Harford school parent pushes for greater public involvement in budget process

Harford school parent pushes for greater public involvement in budget process
Harford County Public Schools (AEGIS FILE PHOTO / Baltimore Sun)

Just one person from the public spoke during the Harford County Board of Education's first of three budget work sessions Wednesday evening, and she urged school officials to find ways to get more people involved in the budget process, but later on when there is actual money on the table.

Bel Air resident Hillary Doherty, a parent of two Southampton Middle School students, said she has talked to people in her community about the school budget, but there has been skepticism about giving public input so early in the process.


"[They ask] 'Why should I come here, because really, we're not funding it, at this point we're just discussing what we want,'" Doherty said of her neighbors' views.

Harford County Public Schools Superintendent Barbara Canavan presented to the board in mid-December a proposed $459.2 million proposed operating budget for the 2016-17 school year.

The proposed budget is $28 million higher than the $431.2 million budget approved for the current school year and, according to Canavan, it reflects a desire to increase employee salaries, as well as the need to spend more on benefits, pensions, critical school system needs and costs of business such as maintenance contracts and insurance.

But all of the increased funding is being sought from Harford County, which makes it unlikely much will be forthcoming.

County increases to the school budget in the previous three years averaged just $2.8 million annually, including a $4.5 million increase provided in the current year's budget, according to HCPS figures. County Executive Barry Glassman said last month that overall county revenues are growing, but only by 2 to 3 percent.

Because of a projected slight decrease in state funding, Canavan's budget requests a $29.1 million increase in county funding to $257.3 million. That's a 12.7 percent increase over the $228.2 million HCPS currently receives from the county. If the full request were funded, the county's share of revenue in the HCPS budget would increase from the current 49.4 percent to 55.5 percent.

According to school officials, most of the additional funding sought from the county would cover salary increases, benefits and pension costs.

The school board is holding work sessions and public input sessions throughout January and is to vote on the budget request Jan. 25, but Doherty said until the budget approved by the board and sent for action by the county executive and county council, it's basically nothing more than a wish list.

"Who do we talk to, to make sure we get the money to do the things that we all know need to be done?" she asked.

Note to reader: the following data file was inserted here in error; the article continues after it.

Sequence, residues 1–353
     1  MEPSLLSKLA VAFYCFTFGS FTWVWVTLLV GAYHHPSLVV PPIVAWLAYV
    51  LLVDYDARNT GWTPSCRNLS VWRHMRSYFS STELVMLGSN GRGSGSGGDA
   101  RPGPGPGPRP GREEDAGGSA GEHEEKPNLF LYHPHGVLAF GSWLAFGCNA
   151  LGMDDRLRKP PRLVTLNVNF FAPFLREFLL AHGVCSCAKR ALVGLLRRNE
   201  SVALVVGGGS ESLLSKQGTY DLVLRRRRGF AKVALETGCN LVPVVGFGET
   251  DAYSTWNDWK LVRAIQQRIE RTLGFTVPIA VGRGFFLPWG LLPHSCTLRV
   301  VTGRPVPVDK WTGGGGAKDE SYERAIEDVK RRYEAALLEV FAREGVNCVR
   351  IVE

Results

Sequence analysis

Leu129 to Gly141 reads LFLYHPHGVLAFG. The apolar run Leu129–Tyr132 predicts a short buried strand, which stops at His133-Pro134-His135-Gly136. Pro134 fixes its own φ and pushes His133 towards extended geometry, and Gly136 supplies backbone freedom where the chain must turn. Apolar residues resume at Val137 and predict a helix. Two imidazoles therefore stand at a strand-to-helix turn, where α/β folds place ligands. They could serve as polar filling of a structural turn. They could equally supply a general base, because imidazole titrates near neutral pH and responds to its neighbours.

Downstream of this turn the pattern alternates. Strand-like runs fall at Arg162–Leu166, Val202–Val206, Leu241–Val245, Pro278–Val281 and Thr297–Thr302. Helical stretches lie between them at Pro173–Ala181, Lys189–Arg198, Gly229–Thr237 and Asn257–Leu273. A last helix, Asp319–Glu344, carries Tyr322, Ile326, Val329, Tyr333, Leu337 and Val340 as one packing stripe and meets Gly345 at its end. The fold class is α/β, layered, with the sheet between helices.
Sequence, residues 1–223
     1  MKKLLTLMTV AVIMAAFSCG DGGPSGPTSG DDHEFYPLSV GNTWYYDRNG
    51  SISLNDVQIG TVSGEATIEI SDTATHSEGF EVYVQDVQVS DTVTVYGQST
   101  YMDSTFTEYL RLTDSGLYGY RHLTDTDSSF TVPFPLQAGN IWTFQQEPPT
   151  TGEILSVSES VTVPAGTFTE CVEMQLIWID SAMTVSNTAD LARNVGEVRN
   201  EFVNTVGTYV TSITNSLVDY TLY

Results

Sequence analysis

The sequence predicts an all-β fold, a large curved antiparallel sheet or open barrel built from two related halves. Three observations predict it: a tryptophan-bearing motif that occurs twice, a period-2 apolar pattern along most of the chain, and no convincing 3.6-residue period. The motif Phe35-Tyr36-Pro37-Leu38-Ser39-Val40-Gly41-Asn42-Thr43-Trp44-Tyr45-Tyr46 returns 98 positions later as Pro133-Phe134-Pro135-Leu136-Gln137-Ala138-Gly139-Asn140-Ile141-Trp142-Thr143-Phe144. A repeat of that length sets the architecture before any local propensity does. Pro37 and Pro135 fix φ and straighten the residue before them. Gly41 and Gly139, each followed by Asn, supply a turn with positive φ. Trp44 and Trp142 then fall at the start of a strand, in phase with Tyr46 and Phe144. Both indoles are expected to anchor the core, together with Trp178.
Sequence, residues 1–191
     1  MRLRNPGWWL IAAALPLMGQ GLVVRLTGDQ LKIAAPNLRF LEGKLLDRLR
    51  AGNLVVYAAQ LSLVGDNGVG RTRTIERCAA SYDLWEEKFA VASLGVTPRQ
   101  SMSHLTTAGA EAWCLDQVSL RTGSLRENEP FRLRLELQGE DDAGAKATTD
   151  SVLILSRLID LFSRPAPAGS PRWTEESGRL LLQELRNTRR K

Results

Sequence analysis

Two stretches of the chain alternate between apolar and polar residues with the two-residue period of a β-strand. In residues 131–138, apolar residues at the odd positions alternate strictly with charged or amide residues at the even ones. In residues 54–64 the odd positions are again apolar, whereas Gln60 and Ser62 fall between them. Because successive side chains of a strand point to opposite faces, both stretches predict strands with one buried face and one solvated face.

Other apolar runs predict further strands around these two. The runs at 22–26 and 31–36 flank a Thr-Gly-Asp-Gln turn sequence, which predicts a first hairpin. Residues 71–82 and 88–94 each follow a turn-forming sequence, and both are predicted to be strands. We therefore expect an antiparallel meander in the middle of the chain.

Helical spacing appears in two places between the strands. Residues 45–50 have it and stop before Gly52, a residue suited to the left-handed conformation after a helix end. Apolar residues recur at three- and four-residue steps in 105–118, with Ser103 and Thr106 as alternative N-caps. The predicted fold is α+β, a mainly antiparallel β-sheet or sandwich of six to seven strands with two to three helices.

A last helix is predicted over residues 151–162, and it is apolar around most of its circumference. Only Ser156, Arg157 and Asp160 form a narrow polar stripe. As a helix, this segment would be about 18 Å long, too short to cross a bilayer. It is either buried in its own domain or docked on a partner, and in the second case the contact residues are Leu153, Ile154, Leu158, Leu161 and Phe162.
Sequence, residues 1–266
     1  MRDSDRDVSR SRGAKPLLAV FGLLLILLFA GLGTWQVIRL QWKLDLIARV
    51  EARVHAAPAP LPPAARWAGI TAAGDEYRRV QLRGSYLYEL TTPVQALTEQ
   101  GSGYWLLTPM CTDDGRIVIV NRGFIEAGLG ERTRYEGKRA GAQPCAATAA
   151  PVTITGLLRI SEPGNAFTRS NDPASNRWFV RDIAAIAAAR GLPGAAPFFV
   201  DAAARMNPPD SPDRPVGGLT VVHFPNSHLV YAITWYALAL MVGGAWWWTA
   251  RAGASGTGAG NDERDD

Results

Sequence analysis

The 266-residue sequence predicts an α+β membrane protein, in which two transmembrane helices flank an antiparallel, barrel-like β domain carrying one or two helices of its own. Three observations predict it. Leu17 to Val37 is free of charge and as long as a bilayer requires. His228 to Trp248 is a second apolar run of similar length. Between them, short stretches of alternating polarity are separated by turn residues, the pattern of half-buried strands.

She said parents know "the [superintendent's] priority list can't necessarily be achieved with the money that we have."

Doherty encouraged school officials to provide information online via schools' Edline pages and communicate with Parent-Teacher Associations, however, "so that we get parents speaking to the people that are going to help fund this budget."

Doherty said residents she has spoken with "feel that we have an excellent school system" overall, and they are pleased with students' recent scores on the PARCC standardized tests, on which they beat statewide average scores.

She said some of their priorities for spending to improve the school system, or preserve valued services, include decreasing class sizes, keeping the remaining bus routes for magnet school students, providing professional development geared toward gifted and talented teachers and "continually" providing money for technology.

"We want to make sure there's technology in place that's current and modern, for those who are unable to bring their own technology," Doherty said, referring to the HCPS initiative, begun last year, to encourage students to bring their own smart phones, tablets and laptops to school, because the school system doesn't have enough devices to go around.


The next school budget work session will be at 6 p.m. Jan. 11 at the school system's headquarters in the A.A. Roberty Building in Bel Air.

Additional sessions are scheduled for noon Jan. 13 in the Roberty Building, followed by a session at 6 p.m. the same day in the Aberdeen High School media center, then 6 p.m. Jan. 19 in the Epicenter in Edgewood and finally 6 p.m. Jan. 21 back at the Roberty Building.

The public also can comment during the regularly-scheduled school board business meeting, which starts at 6:3 0 p.m. Jan. 25 in the Roberty Building.